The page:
The change in the state”s economy from an emphasis on manufacturing to an emphasis on high-tech jobs has especially affected African-American men. Ninety-eight percent of African-Americans live in Wisconsin”s large cities, mostly in the state”s southeastern corner. “Many of the jobs that African-American men held in those cities – in manufacturing – are gone,” Grigsby said. He noted that African-American women were still able to get jobs in traditional areas such as clerical fields.
Grigsby sees a growing gender gap in African-Americans in Wisconsin. “Women have a better chance to get into college,” he said. “Their college attendance exceeds males”. They have a better chance in the job market.”
That disparity causes structural problems in the family, he said. “Most people marry someone of their own economic status,” Grigsby said. African-American women who are successfully employed aren”t going to marry someone who is unemployed and has few job skills. “Jobs are related to the ability to form, create and sustain those families,” he said.
On the other hand, Grigsby and Slesinger were encouraged by data on high school achievement. The percentage of African-Americans age 25 or older who had earned high school diplomas increased from 34 percent in 1970 to 61 percent in 1990. Their dropout rate also decreased during this period.
More than 20,000 African-Americans were enrolled in Wisconsin technical colleges and universities in 1994. However, unlike the total population, the percentage of African-Americans graduating from college did not increase.
Slesinger sees reason for encouragement in these education statistics. “African-American men have caught up with women in terms of high school diplomas,” she said. “The percentage of African-Americans entering college and the other post-secondary programs has increased dramatically. However, the number graduating has remained flat. We need to find better ways to help these students be successful once they begin universities and technical colleges.”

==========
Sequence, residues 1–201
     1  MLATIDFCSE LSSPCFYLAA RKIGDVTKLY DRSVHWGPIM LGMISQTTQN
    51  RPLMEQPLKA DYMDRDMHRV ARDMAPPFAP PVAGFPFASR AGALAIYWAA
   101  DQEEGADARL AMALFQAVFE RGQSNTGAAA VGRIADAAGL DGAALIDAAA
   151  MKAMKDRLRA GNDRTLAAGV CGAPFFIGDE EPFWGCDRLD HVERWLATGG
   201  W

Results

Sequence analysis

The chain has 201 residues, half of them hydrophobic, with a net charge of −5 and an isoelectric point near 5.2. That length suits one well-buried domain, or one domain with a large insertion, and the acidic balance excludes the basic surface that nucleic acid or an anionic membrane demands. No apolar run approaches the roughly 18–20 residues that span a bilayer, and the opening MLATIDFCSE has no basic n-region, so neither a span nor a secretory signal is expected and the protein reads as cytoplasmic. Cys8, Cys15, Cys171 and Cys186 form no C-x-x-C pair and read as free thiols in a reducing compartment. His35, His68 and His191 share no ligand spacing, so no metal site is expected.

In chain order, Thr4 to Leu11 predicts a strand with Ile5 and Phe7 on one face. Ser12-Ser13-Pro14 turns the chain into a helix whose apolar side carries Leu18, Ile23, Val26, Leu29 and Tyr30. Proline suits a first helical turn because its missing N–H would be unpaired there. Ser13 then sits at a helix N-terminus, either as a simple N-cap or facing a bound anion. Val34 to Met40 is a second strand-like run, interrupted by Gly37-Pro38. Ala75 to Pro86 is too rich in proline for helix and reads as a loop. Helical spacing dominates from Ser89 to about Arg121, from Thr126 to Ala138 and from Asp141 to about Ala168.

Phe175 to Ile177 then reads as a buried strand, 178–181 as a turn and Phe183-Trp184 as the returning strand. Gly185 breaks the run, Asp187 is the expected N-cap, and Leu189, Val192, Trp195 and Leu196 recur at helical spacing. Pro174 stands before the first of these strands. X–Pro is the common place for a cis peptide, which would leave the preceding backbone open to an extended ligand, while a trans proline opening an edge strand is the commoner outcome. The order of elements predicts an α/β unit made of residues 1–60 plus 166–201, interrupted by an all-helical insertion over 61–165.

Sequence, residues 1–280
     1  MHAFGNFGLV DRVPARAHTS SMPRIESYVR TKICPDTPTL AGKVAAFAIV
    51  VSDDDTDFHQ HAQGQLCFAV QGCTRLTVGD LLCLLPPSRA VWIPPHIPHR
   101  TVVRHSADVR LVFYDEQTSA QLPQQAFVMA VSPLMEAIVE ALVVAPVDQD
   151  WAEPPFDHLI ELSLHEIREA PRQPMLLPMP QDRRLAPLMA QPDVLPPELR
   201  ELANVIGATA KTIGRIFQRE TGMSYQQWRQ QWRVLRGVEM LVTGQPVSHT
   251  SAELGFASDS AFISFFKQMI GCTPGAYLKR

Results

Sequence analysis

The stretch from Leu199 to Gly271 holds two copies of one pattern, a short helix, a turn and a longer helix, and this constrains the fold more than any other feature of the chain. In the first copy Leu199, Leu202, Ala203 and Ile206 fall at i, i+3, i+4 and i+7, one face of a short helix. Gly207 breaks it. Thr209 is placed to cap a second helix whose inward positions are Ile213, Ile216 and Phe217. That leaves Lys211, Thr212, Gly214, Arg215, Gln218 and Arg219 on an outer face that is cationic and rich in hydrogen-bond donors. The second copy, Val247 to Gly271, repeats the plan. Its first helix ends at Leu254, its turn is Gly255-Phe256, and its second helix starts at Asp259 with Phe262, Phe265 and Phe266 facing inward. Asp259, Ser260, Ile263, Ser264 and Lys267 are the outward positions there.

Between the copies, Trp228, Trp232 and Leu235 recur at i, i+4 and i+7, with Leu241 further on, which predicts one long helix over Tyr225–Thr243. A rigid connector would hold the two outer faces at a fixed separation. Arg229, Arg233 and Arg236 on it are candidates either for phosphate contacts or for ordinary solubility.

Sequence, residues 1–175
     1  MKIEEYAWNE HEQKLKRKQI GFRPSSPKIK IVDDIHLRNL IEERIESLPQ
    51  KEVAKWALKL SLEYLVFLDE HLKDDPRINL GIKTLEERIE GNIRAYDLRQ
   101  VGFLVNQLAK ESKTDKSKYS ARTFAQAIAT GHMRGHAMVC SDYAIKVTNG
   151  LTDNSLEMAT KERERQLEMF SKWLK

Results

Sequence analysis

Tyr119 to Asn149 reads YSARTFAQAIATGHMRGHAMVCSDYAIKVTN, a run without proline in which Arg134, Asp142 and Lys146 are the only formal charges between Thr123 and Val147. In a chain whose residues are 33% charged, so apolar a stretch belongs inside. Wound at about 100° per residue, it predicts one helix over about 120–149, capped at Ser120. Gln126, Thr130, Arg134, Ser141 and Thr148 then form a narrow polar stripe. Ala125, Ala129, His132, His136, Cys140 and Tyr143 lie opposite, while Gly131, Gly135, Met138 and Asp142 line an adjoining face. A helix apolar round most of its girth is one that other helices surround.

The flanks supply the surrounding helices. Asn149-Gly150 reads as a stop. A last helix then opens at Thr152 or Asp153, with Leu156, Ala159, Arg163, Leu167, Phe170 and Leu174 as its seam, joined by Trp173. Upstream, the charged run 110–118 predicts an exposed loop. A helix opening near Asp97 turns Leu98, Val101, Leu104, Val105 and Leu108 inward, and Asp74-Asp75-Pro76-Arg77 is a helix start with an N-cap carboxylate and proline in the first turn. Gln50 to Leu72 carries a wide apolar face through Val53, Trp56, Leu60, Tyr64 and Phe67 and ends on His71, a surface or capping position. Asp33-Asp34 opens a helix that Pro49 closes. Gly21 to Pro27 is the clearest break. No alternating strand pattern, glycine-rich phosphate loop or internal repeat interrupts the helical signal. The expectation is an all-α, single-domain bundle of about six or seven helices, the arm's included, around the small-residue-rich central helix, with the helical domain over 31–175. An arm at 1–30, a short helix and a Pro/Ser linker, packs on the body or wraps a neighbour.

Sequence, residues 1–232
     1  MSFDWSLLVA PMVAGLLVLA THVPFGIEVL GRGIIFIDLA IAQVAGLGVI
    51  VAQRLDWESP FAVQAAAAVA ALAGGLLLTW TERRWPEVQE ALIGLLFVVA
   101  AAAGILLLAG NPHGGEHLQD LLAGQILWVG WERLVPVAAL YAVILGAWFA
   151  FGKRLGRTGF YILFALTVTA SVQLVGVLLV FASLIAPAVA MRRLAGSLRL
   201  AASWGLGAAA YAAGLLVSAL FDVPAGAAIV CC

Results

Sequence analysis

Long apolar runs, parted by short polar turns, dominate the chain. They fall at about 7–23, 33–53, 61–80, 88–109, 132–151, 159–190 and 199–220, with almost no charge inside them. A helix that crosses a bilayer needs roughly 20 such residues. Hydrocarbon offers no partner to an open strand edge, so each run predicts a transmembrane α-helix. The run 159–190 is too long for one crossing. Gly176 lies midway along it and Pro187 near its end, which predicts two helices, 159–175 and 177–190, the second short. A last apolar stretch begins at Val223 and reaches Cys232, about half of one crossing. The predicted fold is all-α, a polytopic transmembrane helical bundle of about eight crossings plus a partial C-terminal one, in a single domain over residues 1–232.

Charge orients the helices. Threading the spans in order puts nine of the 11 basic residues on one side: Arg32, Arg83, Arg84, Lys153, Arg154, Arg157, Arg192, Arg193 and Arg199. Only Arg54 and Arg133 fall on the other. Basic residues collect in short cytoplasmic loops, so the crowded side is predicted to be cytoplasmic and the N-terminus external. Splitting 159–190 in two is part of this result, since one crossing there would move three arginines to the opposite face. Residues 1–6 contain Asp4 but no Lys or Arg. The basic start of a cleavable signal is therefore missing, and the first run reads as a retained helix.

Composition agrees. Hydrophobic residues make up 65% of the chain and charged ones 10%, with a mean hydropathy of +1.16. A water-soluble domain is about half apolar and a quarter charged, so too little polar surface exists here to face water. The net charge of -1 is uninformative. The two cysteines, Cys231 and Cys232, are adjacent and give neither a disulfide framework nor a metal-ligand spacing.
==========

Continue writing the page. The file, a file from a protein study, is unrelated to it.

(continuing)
Grigsby agrees. “When educational attainment goes up, those other problems go away,” he said. “Traditionally, education is the way out of poverty for African-Americans. I tell students to stay in school because their likelihood of getting into the NBA is low. I tell them to make sacrifices but stay the course.”
“Education is good for people not just to prepare them for jobs, but for their understanding of themselves in relation to the rest of the world,” Grigsby said. “We need to be able to relate critically to the world we live in – a world that is swiftly changing.”
The book”s data predates Wisconsin”s new welfare reform law, but the sociologists don”t expect it to have a major impact on poverty. “Getting people off welfare and into work is a noble idea,” Grigsby said. “But it only makes sense if they can get out of poverty.”
Slesinger agreed. “The number of working poor is growing. Some people work 60 hours a week but are still poor. The data show that one in four African-Americans below the poverty line works full time and most work at least half time. The new law will have its greatest impact on women and their kids. It doesn”t address the problems of most unemployed men.”
The $16 book is available at local bookstores or from Simon & Schuster Custom Publishing (Phone: (800) 428-4466; Fax: (781) 455-1707). The ISBN is 0-536-02015-9.